Rehoboth Beach, Del. Two hours into another day of his family’s beach vacation, Brandon Hubacher had sent 50 text messages to his friends back home.
“Chillen on the beach,” the 16-year-old messaged a buddy at 12:04 p.m., the ocean surf beckoning mere yards away.
“Luckyy,” the friend zipped back.
Unplugging could not have been further from the teenager’s mind. “I wouldn’t think about it,” he said as he eyed the ocean, a Redskins cap turned backward on his head. Only for a swim would he and his cell phone part ways, he said.
Thus is digital technology making an indelible mark on the long tradition of the American family vacation.
With the miles between home and away so easily traversed by limitless texting and by laptops that connect to Facebook and Skype, the family getaway to the beach or the lake has become just another frontier transformed by the digital age.
At the Outer Banks of North Carolina, the school-aged play Xbox Live in rental houses with friends hundreds of miles away. From Delaware beach towns, they post Facebook photos and messages. At state parks, there are iPods and Nintendo DS consoles packed into minivans along with marshmallows and fishing rods. Everywhere are parents who could not make the trip without a computer or BlackBerry.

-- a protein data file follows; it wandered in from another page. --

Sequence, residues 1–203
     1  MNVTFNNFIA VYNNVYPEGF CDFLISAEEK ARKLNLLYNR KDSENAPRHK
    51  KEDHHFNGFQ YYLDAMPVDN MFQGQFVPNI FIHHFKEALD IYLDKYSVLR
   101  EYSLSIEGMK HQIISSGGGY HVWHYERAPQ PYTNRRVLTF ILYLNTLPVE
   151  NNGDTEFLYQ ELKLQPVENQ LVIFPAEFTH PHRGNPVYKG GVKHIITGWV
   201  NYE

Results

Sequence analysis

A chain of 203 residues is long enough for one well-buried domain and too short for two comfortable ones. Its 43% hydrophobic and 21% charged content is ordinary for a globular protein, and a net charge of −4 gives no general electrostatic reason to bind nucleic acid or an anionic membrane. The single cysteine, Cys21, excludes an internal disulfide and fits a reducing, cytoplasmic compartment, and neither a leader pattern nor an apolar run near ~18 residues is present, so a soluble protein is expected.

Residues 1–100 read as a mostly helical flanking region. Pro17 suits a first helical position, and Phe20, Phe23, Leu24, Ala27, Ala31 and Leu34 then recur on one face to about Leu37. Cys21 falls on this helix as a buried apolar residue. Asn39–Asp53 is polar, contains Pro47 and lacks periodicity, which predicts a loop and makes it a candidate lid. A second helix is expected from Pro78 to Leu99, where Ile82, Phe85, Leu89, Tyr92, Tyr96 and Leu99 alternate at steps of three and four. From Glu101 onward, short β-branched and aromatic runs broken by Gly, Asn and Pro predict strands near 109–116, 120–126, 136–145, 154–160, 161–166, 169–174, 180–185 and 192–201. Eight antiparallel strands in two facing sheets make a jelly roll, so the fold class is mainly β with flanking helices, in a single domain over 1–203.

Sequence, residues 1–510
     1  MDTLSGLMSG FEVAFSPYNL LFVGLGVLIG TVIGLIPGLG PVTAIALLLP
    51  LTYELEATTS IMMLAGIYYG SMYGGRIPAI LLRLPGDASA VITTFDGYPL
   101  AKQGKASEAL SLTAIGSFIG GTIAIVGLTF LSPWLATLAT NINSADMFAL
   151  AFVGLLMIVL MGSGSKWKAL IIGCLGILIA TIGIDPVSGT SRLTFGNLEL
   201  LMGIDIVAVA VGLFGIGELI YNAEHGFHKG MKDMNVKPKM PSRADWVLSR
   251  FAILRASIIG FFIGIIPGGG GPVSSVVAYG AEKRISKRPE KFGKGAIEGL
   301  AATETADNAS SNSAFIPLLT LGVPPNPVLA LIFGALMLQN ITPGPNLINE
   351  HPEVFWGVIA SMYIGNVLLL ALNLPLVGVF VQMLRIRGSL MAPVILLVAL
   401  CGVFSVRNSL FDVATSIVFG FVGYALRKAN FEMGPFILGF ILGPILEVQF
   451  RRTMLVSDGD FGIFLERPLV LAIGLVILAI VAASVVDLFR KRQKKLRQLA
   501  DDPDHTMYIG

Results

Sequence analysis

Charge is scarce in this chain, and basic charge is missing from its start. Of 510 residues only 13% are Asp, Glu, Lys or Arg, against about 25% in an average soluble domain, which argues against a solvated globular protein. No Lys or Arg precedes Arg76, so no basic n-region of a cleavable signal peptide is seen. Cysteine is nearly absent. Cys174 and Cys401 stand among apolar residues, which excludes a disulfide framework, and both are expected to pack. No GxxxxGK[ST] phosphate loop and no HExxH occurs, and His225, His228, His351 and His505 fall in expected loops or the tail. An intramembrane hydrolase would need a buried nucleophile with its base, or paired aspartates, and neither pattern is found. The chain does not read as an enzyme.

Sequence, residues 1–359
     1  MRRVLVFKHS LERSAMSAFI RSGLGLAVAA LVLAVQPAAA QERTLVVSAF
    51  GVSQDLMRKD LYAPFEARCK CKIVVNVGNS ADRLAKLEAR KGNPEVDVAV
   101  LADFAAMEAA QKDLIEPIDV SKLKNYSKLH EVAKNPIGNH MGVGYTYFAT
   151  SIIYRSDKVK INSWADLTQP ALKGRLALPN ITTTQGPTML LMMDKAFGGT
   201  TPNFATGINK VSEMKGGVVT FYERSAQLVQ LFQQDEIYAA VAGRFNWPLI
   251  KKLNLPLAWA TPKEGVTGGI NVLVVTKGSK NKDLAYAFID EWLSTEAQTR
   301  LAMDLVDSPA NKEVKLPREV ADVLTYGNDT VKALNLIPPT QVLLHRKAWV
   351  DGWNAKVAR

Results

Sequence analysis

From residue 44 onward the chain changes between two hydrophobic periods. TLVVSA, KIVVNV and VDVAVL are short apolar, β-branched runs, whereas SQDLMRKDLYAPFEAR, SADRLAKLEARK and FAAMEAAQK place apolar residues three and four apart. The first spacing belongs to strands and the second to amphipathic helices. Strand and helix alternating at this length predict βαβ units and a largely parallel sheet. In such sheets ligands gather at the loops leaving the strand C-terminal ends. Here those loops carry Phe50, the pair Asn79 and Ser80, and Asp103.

Not everyone wants a break from the usual rhythms of family life.
“I think for the kids, it’s the best of both worlds: They can stay connected and still be on vacation,” says mom Nancy Hubacher, 47, of Fairfax Station, Va., who was herself sending work e-mail from a beach chair this week, as her husband chatted on his phone.
Still, some families find technology at odds with vacation — that idealized time of shared activities and bonding — and some have banned certain devices outright.
“It can be a source of tension,” says Scott Campbell, a new-media scholar at the University of Michigan. “As a parent, you spend money and time to get away from all of the things you’re normally embedded in, and your kids aren’t getting away from them.”
But many parents are themselves unable to unplug, he said. “The parents are oftentimes guilty of not truly being able to get away because of their compulsion to use the technology.”
The digital age has left many families looking for the right balance.
The Hoppmans, of Rockville, Md., have strict limits on electronics during the school year, but summers come with more freedom. Nicole Hoppman, 43, says her two teenage sons spend a lot of time on Facebook and her 11-year-old likes video games. But when the family set out for Bethany Beach, Del., in mid-June, they forgot their laptop at home.
For four days, they did not go online.
The family took walks in the mornings and evenings. They watched the World Cup together. There was a trip out for breakfast, another for ice cream. They talked more than they might have.
With her teenage sons in particular, Hoppman said, “I think they definitely would not have done any of that if they could have been on Facebook.”